Steirs says, “I believe that many Christians are secretly ashamed of this catalytic ‘narrow minded’ message.” Over the years, I’ve put a lot of thought into why Christians don’t share the gospel, and I’ve always held out hope that this wasn’t the issue. Recently I’m beginning to think this is the main issue. Christians, just like everyone else, want people to like them. That’s fine to a certain extent, but if we want people to like us more than we want to speak the truth to them, there is a problem.

The proclamation of the gospel is going to lead to problems and controversy in your life. A certain percentage of the people aren’t going to like you or your message. Some people will call the police. Some people will yell at you and mock you. Some will get saved. This is what happened to the apostles, and this is what is should be happening to us.

Besides that, the gospel isn’t something to be ashamed of. It is something that should give us so much joy that it overflows into telling others the good news. If you’re worried about people disliking you so much that you’re not sharing the gospel, I think that’s cause to question your salvation.

4. Many Christians can’t explain the gospel.

It is pretty clear to me that this is a problem, and Stiers hits the nail on the head with his explanation.

5. Church leaders are not leading the way.

This is pretty clear as well. The way I learned to witness is by tagging along with others who were doing it, until the guy I was with said, “Go talk to the people sitting on that bench.” There is no other way to learn than by doing it.

Don’t you think the “Teaching” part of the Great Commission (commonly known as discipling someone) would involve church leaders showing people how to evangelize? How many pastors are showing people how to witness? How many pastors can witness? Are they unwilling or unable?

6. We have forgotten how to pray.

Stiers says, “When church services spend more time in announcements than intercessory prayer then you know something is broken. If we want to reach every person in this nation with the good news of Jesus we need God to act on our behalf. We need Him to soften hard hearts and open closed doors. We need to pray like we mean it.”

I have to admit this is my weak spot, but I’ve committed to doing better, and praying for God to raise up laborers for the harvest.

7. Churches don’t mobilize their young people to share the gospel.

This is Stiers’ ministry—training and motivating teens to share the gospel. I like witnessing to young people (about ages 16-30) most of all. First of all, they are in less of a hurry to get where they’re going–they’re willing to sit around and talk. It seems, their minds are less made up, and they’re open to discussion.

Stiers finishes with, “It’s time we drop our lame excuses and reach this nation for Jesus Christ. Who’s with me?”

Christmas Parade Witnessing

I was able to go witnessing at the Pueblo, Colorado Christmas parade on Saturday, an event that attracted thousands of people. A friend and I passed out 500 tracts in about 30 minutes, covering only a portion of the parade route and one side of the street.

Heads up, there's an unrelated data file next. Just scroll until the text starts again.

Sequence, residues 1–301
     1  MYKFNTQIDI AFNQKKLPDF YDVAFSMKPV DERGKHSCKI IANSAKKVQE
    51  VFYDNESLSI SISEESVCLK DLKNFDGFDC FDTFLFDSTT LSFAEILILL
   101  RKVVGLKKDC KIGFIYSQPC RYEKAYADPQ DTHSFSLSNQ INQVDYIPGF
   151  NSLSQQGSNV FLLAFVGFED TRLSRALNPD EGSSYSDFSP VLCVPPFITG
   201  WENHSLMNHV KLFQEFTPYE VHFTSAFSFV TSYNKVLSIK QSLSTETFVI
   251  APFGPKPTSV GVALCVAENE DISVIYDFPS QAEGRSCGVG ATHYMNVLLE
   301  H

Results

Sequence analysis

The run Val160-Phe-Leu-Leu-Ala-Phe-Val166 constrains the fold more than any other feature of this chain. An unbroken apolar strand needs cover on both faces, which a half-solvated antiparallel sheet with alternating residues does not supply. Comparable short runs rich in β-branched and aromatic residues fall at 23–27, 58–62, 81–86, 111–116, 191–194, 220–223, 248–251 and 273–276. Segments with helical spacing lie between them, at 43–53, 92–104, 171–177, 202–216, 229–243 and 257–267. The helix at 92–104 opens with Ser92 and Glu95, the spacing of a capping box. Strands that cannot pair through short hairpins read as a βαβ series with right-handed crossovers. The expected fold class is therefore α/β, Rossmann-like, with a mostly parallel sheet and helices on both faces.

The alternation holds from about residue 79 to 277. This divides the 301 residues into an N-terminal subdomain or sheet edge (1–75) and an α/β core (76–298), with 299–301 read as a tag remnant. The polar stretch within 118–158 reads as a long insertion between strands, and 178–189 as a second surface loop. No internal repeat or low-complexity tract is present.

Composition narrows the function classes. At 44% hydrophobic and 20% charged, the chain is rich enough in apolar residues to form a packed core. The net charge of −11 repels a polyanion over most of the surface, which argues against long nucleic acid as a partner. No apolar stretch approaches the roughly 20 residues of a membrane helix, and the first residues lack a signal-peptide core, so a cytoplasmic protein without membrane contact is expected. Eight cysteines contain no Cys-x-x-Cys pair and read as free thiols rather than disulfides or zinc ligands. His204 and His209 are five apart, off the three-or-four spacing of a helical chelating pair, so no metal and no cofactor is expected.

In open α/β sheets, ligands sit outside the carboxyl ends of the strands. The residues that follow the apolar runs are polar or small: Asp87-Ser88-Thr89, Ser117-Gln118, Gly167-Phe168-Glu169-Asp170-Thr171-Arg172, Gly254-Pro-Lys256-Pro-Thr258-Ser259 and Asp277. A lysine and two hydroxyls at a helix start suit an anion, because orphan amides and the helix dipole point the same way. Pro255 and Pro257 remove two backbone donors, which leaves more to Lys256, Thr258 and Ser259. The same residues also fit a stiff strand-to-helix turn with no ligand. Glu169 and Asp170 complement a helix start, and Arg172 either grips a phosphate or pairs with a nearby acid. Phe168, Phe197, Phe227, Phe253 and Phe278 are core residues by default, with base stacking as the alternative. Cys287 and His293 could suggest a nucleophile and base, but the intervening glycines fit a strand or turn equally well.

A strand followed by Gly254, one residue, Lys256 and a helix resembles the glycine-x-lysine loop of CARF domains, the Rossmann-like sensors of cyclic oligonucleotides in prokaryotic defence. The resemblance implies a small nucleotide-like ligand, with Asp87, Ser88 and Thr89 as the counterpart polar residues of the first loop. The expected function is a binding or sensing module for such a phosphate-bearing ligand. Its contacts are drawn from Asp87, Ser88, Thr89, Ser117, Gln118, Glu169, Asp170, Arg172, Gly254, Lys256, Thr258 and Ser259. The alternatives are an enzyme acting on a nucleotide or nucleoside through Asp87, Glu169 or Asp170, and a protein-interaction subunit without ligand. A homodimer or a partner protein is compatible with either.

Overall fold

Among the few conversations I had, one was particularly alarming.

I asked a group of teens what they think happens when they die, and the young lady who spoke up said she would be going to heaven. I asked why she thought that, and she said she was going to heaven because she’s a good person. I specifically asked if we have to be good to go to heaven, and she responded in the affirmative.

This is a pretty typical beginning to a conversation. Most people think they’ll go to heaven because they’re good people. After that, I discussed a few of the Ten Commandments; she admitted to breaking them, and she seemed humbled by the law.
I asked her if she knew what God did so she could have her sins forgiven; she said Jesus died on the cross.

I elaborated on the gospel a little bit. She seemed to agree with everything I said. At the end of the conversation, her brother, who was listening to our conversation, said they were Christians—and that their dad is a pastor.

I didn’t ask what kind of pastor, but I was shocked that the teenage daughter of a pastor could think of herself as a Christian, and still be so confused about why she’s going to heaven.

The sad part is that this conversation, while alarming, isn’t all that abnormal. Many people claim to be Christians, but do not give a proper reason for why they’re going to heaven. It is pretty rare to catch someone who can correctly explain why his or her sins are forgiven.

If there is one thing I want to drum into my little boys, it is what the Bible says about how to get to heaven. It is by the cross of Christ alone, and not by any of our own good deeds.

How many of the people sharing our pews don’t have a proper understanding of why they can go to heaven? It seems to me that pastors aren’t doing a good job of explaining this fundamental truth.

It used to frustrate me that I would discuss the law and the gospel, and at the end of the conversation, find out that this “good” person I had been talking to was a Christian.
I used to think that I should get in the habit of asking people more about their beliefs so that I wouldn’t inadvertently witness to a Christian. But if someone who claims to be a Christian thinks he or she is getting to heaven by being good—even if that individual is genuinely saved—that person needs to hear the law and the gospel.